Assessment of the Treatment Outcomes

The treatment outcomes (cure, treatment completion, failure, default, and death) were based on the guidelines of the World Health Organization.12 Treatment success was defined as the achievement of both a cure and treatment completion.

Statistical Analysis

Results are presented as means and standard deviations. Differences between categorical variables were assessed with the chi-square test or Fisher's exact test (as appropriate), and differences between continuous variables were evaluated with unpaired t tests. A P value <0.05 was considered statistically significant. All statistical analyses were performed with SPSS 13 for Windows (SPSS, Inc., Chicago, IL).

RESULTS

Baseline Clinical Characteristics

Thirty-six of the 2549 LT recipients (1.4%) developed active TB within a median follow-up period of 45 months (range = 4-130 months). Table 1 shows the baseline clinical characteristics of the study participants. TSTs and LTBI prophylaxis were not routinely used. All participants were negative for human immunodeficiency virus. The mean age of the patients with TB was 51.1 ± 9.9 years. Six patients in the TB group (16.7%) and 13 in the control group (9.0%) had a previous history of treatment for active TB disease (P = 0.182). All other baseline characteristics were similar in the 2 groups. The medical records did not describe the previous history of anti-TB treatment in detail, so we did not have enough information about the number of anti-TB agents, the duration of therapy, and noncompliance issues. Instead, active TB was thoroughly excluded before transplantation.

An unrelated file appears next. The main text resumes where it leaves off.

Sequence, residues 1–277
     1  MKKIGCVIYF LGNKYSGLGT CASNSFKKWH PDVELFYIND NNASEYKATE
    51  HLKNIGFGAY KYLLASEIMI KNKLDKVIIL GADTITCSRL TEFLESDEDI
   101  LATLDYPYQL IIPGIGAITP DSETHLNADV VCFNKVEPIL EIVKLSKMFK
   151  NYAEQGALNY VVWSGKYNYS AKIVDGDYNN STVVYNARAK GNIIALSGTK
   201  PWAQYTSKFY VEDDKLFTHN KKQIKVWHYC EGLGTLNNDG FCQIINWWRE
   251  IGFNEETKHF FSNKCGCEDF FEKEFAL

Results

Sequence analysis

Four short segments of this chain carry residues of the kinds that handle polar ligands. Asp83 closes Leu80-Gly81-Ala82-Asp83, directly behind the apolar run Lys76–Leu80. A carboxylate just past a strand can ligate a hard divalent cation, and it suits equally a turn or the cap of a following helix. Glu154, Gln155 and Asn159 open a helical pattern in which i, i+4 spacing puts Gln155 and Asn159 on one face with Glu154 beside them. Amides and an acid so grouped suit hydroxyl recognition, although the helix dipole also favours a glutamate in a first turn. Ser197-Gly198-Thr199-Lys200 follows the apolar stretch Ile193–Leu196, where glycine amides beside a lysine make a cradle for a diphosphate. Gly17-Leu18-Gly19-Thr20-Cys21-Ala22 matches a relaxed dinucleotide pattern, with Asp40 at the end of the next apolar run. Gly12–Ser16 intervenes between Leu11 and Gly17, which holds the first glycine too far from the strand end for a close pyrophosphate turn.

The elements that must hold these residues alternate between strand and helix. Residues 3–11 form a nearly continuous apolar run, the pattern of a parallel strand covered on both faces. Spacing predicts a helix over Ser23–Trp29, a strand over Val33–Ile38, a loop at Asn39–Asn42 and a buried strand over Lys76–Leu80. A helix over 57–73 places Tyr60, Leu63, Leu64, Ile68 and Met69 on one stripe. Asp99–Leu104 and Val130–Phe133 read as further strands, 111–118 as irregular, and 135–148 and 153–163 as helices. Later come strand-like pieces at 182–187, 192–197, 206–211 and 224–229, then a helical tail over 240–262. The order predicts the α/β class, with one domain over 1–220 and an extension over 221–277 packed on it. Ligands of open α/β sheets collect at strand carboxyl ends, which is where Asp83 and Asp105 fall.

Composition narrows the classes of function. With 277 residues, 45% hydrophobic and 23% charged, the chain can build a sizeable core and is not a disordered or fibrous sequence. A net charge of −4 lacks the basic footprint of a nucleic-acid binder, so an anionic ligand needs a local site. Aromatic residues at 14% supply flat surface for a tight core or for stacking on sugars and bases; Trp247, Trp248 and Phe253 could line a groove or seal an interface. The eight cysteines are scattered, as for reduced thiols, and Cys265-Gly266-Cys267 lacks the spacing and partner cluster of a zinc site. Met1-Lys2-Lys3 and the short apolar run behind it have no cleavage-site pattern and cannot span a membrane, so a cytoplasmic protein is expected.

Table 1. Baseline Characteristics of the LT Recipients
CharacteristicTB Group (n = 36)Control Group (n = 144)P Value
  • NOTE: The data are presented as numbers and percentages unless otherwise noted.

  • *

    The data are presented as means and standard deviations.

Age (years)*51.1 ± 9.950.6 ± 9.60.981
Male26 (72.2)104 (72.2)1.000
Indication for LT   
 Hepatocellular carcinoma19 (52.8)57 (39.6)0.152
 Hepatitis B15 (41.7)65 (45.1)0.708
 Other2 (5.6)22 (15.3)0.172
Potential risk factors for TB   
 Diabetes7 (19.4)24 (16.7)0.693
 Previous TB history6 (16.7)13 (9.0)0.182
 CXR suggestive of healed TB9 (25.0)17 (11.8)0.044
 CT suggestive of healed TB10/25 (40.0)14/81 (17.3)0.018
 Allograft rejection6 (16.7)23 (16.0)0.919
 Cytomegalovirus coinfection1 (2.8)2 (1.4)0.490
 Induction immunosuppression22 (61.1)109 (75.7)0.079

Clinical Course and Development of TB

The median time from LT to the TB diagnosis was 10 months (range = 1-80 months). Twenty-one patients (58.3%) were diagnosed at 0 to 6 months, 10 (27.8%) were diagnosed at 7 months to 1 year, and 5 (13.9%) were diagnosed after 1 year. Twenty-three of these 36 patients (63.9%) were diagnosed with pulmonary TB, and 13 (36.1%) were diagnosed with extrapulmonary TB.

All LT recipients received an anti-TB treatment for a mean duration of 10 months with less hepatotoxic drugs; 34 patients (94.4%) were treated with ethambutol, and 27 (75.0%) were treated with fluoroquinolone. Thirty patients (83.3%) received isoniazid, and 14 (38.9%) received rifampin. Rifabutin was used in 11 patients (30.6%) in order to reduce the drug interactions with CNIs. Patients showing evidence of hepatotoxicity were switched to nonhepatotoxic agents. The treatment success rate was 77.8%. Two patients (5.6%) died, with 1 death (2.8%) related to active TB. The clinical characteristics and outcomes of the LT recipients with TB are shown in Table 2.

Table 2. Characteristics of the 36 Patients Who Developed TB After LT
CharacteristicPatients [n (%)]
  • *

    Three of the five patients had TB pleurisy with lymphocyte-dominant exudates and high adenosine deaminase concentrations.

  • One death was related to TB, and 1 death was related to hepatocellular carcinoma.

Location of TB 
 Pulmonary23 (63.9)
 Extrapulmonary13 (36.1)
  Miliary8 (22.2)
  TB pleurisy3 (8.3)
  TB lymphadenopathy1 (2.8)
  TB meningitis1 (2.8)
Diagnostic methods for TB 
 Acid-fast bacillus smear or culture (positive)27 (75.0)
 Polymerase chain reaction for M. tuberculosis (positive)1 (2.8)
 Histology3 (8.3)
 Clinical*5 (13.9)
Drug susceptibility results22/27 (81.5)
 Pansusceptible19/22 (86.4)
 Resistance to isoniazid or streptomycin3/22 (13.6)
TB treatment regimen 
 Intensive phase 
  3 drugs12 (33.3)
  4 or more drugs24 (66.7)
 Continuation phase 
  2 drugs3 (8.3)
  3 drugs14 (38.9)